Ever been to a hackathon wanting to come out with something published on one of the mobile markets? With this tutorial, I hope to provide you with some tools that can help you get up and running in just a few minutes. Using PhoneGap and Angular, I’ll get you started with a cross-platform mobile app that you can use to apply your own ideas.

For a completely native iOS app, see Kunal’s Hackathon Guide to Building Your First iPhone App.

If this is your first introduction to Angular, the great front-end MVC framework for JavaScript, you might check out this basic Angular tutorial first. Angular contains tools for animations, routing, templating, and other kick-ass features. In this tutorial, we will touch a little on routing and services as a way of gearing up for a full sample app in the next post in this series.

The Tools

Set Up

Let’s get started! You will want to have either iOS or Android emulators ready, because PhoneGap creates native apps that can run on the platform you choose. The easiest way to get your development environment set up is to install npm, the Node Package Manager. After that, run the following command:

$ sudo npm install -g ionic phonegap

This will install both PhoneGap and Ionic CLI tools. Afterwards, we can run the following commands:

$ ionic start tutorial
$ cd tutorial
$ phonegap run ios --emulator

You should see a sample application pop up in the emulator. If you browse the source in the www directory, you will find extensive documentation on how it works.

Notice that the Ionic generator generated everything you needed to deploy a mobile app. For now, just worry about the www directory. My recommendation for fast development is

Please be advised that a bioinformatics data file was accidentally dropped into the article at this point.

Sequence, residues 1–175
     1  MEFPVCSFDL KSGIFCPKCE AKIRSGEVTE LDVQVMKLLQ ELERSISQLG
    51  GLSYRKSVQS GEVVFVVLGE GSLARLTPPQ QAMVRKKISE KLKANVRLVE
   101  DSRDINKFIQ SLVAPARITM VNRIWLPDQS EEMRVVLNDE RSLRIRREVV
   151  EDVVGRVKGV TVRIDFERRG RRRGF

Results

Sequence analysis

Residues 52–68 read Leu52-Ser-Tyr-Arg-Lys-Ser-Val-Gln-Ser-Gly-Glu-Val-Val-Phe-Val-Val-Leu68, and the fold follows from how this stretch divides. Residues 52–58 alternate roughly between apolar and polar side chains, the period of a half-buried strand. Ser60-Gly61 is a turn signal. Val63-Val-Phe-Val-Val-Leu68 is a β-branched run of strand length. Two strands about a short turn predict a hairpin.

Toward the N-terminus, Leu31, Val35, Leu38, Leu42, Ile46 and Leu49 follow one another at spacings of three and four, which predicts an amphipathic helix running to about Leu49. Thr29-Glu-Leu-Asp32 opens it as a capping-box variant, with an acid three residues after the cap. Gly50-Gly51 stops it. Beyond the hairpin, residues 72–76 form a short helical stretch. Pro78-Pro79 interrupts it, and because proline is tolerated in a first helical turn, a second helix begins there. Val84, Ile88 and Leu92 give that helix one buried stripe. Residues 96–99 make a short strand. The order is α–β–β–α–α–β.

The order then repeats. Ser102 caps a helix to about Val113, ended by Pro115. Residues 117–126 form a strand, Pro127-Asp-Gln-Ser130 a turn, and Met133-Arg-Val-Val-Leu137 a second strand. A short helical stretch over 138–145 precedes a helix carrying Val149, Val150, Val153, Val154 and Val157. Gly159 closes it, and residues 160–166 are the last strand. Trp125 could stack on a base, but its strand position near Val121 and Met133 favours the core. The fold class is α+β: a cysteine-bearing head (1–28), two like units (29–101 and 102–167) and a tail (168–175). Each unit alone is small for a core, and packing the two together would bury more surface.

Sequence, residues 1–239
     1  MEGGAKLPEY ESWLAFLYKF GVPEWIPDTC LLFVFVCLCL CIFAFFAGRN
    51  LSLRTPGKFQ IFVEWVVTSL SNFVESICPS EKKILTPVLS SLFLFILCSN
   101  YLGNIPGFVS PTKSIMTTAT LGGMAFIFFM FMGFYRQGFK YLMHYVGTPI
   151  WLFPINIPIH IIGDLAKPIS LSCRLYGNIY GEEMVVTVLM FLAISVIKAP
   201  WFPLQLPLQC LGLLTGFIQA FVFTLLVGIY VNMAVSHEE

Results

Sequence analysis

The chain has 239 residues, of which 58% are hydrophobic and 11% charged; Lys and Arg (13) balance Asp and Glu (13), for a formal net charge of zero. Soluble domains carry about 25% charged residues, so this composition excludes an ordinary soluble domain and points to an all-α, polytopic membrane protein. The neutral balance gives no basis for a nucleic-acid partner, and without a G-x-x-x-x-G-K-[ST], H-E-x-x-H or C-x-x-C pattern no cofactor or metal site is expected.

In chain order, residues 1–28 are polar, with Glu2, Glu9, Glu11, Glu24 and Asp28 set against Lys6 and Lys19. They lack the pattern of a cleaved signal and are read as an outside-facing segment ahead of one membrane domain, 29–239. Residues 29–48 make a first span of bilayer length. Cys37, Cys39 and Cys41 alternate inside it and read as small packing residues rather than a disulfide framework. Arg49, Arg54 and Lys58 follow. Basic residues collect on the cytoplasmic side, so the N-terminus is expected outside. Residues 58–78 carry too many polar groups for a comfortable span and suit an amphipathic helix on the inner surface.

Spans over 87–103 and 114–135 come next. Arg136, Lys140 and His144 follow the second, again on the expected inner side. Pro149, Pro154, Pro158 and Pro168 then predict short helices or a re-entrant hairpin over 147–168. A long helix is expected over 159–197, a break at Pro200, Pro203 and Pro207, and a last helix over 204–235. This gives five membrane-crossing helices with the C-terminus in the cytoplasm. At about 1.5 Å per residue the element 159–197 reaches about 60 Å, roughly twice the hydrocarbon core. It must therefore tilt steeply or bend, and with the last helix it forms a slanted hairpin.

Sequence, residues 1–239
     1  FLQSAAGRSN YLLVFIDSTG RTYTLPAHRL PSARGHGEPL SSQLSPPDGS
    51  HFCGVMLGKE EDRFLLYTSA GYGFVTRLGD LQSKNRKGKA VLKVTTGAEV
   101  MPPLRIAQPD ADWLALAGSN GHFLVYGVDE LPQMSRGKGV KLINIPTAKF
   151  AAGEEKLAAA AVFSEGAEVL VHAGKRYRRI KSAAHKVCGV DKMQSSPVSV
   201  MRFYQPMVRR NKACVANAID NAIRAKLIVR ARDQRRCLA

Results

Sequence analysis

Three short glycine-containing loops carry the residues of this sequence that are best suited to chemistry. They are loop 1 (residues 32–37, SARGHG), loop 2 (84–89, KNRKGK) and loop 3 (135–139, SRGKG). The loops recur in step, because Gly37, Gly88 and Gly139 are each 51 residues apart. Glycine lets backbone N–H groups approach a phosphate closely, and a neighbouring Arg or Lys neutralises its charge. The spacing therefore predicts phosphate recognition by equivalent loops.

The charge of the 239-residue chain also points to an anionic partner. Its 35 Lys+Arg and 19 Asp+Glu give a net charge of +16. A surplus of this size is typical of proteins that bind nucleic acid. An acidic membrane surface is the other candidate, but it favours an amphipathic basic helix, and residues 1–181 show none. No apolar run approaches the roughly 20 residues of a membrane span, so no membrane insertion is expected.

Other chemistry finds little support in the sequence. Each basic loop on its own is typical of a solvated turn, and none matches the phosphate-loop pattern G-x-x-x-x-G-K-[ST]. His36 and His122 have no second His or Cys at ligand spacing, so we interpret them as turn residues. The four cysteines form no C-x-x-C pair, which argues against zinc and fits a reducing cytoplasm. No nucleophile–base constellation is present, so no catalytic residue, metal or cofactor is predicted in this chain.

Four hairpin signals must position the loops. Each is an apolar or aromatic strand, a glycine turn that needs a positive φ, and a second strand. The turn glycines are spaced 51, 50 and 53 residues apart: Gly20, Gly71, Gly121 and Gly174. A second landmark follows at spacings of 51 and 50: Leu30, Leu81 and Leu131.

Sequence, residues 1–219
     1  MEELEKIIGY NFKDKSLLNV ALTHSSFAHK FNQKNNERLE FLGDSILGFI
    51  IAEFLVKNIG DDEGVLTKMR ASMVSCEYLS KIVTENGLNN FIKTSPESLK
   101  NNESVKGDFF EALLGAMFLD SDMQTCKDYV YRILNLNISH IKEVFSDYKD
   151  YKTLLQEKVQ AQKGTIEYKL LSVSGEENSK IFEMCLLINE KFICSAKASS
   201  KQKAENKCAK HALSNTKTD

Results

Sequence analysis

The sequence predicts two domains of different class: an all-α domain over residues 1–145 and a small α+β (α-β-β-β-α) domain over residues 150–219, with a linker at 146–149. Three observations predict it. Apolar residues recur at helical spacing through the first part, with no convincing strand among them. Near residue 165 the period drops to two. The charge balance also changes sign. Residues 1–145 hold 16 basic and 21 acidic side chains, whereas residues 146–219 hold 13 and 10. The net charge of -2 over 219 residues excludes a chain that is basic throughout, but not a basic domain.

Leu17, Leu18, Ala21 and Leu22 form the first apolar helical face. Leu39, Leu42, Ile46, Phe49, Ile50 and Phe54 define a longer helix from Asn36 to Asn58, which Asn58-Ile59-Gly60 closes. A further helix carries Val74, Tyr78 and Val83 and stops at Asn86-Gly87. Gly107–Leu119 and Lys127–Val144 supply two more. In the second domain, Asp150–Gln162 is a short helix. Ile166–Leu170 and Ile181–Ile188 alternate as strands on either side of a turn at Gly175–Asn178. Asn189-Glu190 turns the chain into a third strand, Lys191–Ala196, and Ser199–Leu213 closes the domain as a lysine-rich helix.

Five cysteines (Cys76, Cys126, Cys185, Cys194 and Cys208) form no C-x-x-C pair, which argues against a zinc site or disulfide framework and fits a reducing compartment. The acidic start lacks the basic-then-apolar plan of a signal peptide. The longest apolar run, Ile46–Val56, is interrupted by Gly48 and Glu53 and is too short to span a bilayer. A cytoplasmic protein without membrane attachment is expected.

to either set up a reverse proxy to that folder or use Python’s SimpleHTTPServer module. In my personal setup, I have the following alias:

$ alias serve='python -m SimpleHTTPServer 3000'

Then just visit the address and voilà. Same application, running on your browser.

Angular Basics

$routeProvider is Angular’s router. It’s a third party module that doesn’t come in the Angular core but Ionic already included it for us.

$routeProvider.when('/home', {
templateUrl: 'templates/app.html',
controller: 'AppCtrl'

Whenever a request is performed to ‘/home’, Angular will render the app.html template. It will also bind AppCtrl to the DOM of the template. This is pretty cool since it gives us the ability to have multiple controllers per page–each controlling a single part of the view. Talk about modular code.

Now, where would this template be rendered? Easy. Adding the following line in your body will tell Angular where you want to see that view.

Angular also has the concept of Services. These can be custom and easily injected into different modules thanks to Angular’s Dependency Injection.

Next Steps

Here’s a preview of the Service we will be using on the next part of the tutorial.

service('Playlist', ['$http', '$q', function ($http, $q) {
return {get: function (params) {
var deferred = $q.defer();
$http.get('http://hypem.com/playlist/' + params.playlist + '/all/json/' + params.pagenum + '/data.json')
.success(function (data) {
.error(function(data) {
return deferred.promise;

Breaking it down, this Service is called Playlist. Using Angular’s DI we imported $http and $q services. Service Inception. With them, we get a Hype Machines’s playlist data and return it in a callback. The Playlist service is now ready to be injected into any other module.

At this point you should have at least the following files:

In the next part of this series, we will build a music player that pulls songs from Hype Machine’s Popular Playlist for Android and iOS. The end result will hopefully look like this:

Stay tuned for the second part of this series, where I show how to build the music player above. In the meantime, please reach out on Twitter with questions or comments about this tutorial. Also, quick shout-out to Cesar Andreu for being so awesome and helping me out with this first part!

SendGrid Team
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